The gleaming Spire of St. Michael’s Episcopal Church stands as a great testimonial to Charleston’s ability to survive disaster. The belfry on the 1761 church was used for many years as a fire lookout. A “steepleman” was posted in the open arcaded area, and if he saw evidence of a fire, would go down the narrow stairs to the “ringing room” and pull eight strokes on a rope attached to the largest bell above. This 1900-pound bell could be heard throughout the old city, and firemen on the old “engine companies” were trained to listen for the signal. From almost any vantage point, they could have seen St. Michael’s steeple, and the steepleman’s next job was to climb back up to the arcade, light a lantern, and hang it on a pole pointing in the direction of the fire. This method was used until the city put up separate fire bell towers in the 1880’s as part of Charleston’s first municipal fire department.
S. Michael’s steeple was also used during wars as a military look-out, manned by local soldiers during the Revolution and War Between the States to observe besieging forces around Charleston. By 1863, Union troops on Morris Island were bombarding the city regularly with rifled cannons that could easily hit the glaring target that St. Michael;s made, so the city painted church and steeple a slate gray so that it would blend in with the horizon from a distance.
Since the bombardment in the 1860’s, the steeple survived direct hits during the earthquake of 1886, when it was supported with huge beams to prevent its collapse, and when a 1938 hurricane struck on ironically, St. Michael’s Day, Sept. 29th.
As we approach the sesquicentennial of the firing on Fort Sumter and the remembrance of Charleston’s Confederate history, I’d like to clarify the popular names of famous Southern flags that are often confused. Many people have heard the name “Stars and Bars” and understandably associate that name with the famed Confederate banner that features the blue cross of St. Andrews on a red field, with white trim and white stars. In fact the “Stars and Bars” is the first national Confederate flag, created in March, 1861, featuring red and white “bars”, or stripes, and seven stars inside a blue field in the dexter corner.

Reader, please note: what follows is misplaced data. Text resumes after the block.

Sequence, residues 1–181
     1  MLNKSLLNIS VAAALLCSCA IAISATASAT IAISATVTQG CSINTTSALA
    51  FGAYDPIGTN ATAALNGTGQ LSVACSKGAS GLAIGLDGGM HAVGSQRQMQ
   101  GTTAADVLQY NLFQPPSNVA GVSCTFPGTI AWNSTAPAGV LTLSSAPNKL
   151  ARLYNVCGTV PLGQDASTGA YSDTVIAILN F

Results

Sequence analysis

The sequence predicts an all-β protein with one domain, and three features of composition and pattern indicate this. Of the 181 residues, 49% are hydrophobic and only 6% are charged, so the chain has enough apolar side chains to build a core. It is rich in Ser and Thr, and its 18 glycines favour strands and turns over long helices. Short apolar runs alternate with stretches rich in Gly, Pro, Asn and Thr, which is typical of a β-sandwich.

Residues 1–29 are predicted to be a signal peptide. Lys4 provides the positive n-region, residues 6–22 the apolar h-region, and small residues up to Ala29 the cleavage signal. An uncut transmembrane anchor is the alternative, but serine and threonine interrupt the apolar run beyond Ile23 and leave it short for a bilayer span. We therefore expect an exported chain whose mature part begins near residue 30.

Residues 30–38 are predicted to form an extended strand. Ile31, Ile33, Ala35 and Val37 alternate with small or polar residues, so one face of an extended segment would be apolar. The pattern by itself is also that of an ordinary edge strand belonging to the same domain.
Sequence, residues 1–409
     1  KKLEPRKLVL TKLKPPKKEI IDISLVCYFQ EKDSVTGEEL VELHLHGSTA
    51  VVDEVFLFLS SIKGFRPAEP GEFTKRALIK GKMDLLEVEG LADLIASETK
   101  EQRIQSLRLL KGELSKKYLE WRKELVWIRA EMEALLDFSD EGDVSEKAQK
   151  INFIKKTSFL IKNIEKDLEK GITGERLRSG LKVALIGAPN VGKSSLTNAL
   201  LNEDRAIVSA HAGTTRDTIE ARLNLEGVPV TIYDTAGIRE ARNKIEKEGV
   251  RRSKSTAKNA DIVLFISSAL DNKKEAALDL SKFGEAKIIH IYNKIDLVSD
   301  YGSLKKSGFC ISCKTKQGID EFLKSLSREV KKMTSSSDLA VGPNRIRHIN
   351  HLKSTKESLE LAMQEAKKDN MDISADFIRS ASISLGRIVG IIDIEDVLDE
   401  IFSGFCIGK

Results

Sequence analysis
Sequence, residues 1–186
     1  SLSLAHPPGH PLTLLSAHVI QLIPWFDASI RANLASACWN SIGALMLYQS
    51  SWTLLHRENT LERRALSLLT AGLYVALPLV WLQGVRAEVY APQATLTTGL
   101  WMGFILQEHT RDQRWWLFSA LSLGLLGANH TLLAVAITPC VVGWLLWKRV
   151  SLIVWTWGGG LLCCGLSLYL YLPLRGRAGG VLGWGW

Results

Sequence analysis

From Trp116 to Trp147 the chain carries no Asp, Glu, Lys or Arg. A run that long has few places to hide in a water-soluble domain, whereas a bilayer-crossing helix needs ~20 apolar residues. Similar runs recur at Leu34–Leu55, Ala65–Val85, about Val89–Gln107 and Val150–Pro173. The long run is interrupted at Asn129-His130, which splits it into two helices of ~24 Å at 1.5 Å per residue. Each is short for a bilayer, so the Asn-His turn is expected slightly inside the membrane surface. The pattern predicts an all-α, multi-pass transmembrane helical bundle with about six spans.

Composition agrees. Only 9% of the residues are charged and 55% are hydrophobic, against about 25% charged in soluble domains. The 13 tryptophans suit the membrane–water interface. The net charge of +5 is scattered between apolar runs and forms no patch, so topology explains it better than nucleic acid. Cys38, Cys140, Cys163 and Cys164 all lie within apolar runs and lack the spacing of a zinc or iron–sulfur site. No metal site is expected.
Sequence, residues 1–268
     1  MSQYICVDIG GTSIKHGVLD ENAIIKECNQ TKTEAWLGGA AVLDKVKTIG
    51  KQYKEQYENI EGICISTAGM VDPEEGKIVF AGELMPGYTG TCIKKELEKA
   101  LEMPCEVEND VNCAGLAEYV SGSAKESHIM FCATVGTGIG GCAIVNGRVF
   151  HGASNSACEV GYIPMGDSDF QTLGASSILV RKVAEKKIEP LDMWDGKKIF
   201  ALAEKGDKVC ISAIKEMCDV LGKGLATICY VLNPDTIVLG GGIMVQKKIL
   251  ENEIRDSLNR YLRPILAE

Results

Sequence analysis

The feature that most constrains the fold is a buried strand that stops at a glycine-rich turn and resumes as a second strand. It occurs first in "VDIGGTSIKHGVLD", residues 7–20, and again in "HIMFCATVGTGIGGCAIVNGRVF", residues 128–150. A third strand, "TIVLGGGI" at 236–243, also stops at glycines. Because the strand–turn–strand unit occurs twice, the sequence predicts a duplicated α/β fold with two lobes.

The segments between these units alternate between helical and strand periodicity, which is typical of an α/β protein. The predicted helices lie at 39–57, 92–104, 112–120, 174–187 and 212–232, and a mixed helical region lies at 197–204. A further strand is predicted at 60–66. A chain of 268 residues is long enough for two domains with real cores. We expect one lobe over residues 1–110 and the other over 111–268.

There were four versions of the Stars and Bars, representing differing numbers of stars for states in the Confederacy, or sympathizing with the Confederacy at different times during the War Between the States.
The St. Andrews cross flag is the Confederate battle flag, which was first unfurled in November, 1861, as a soldier’s flag. It was created to distinguish Confederates from Union troops, whose Stars and Stripes and Stars and Bars looked similar when hanging limp from a flag pole. Originally, the army battle flag was square, with navy blue in its cross, or saltire, and the rectangular version was actually first created as a naval jack for ships, with a brighter blue saltire. But the rectangular flag became popular among many infantry units, and what is commonly flown today has the navy blue cross.
Among the many stories told about Charleston that have been greatly exaggerated over the years is the commonly misrepresented “compromise house” tale told of the property at 29 East Battery, the Porcher-Simonds house. In the first place, it should be pronounced as “Porshay”, and with a long “I” as “Seye-monds”. The hyphenated name for the house combines the surname of the man who had it built in 1856, Francis Porcher, and the owner who remodeled it in the 1890’s, John Simonds.
The story that is often told is that the structure’s unusual combination of semi-circular and rectangular piazzas were created as a compromise between husband and wife over shapes they wanted when the house was being built. In fact, when the house was built by Porcher, a wealthy cotton broker, it was designed as a “side-hall” single-house, featuring a single living room wide facing the street, flanked by an open piazza on the south side piazza and an entrance hall on the north side. Original pictures of the house show that it looked very much like the side-hall house next door at 31 East Battery.
Simonds, a wealthy banker, remodeled the house in Victorian style in the 1890’s, and the combination of circular and rectangular piazzas was a popular Italian Renaissance Revival style that can also be found at 68 Meeting Street, another antebellum single-house remodeled to look Victorian on the outside. Simonds, whose grandson and I play cards every week, was a determined businessmen who rarely compromised with anyone, so the story is entertaining but bogus.
Since 1982, the house has been subdivided as three condominiums, but still has a wonderful look and a view of Charleston harbor that will never be compromised.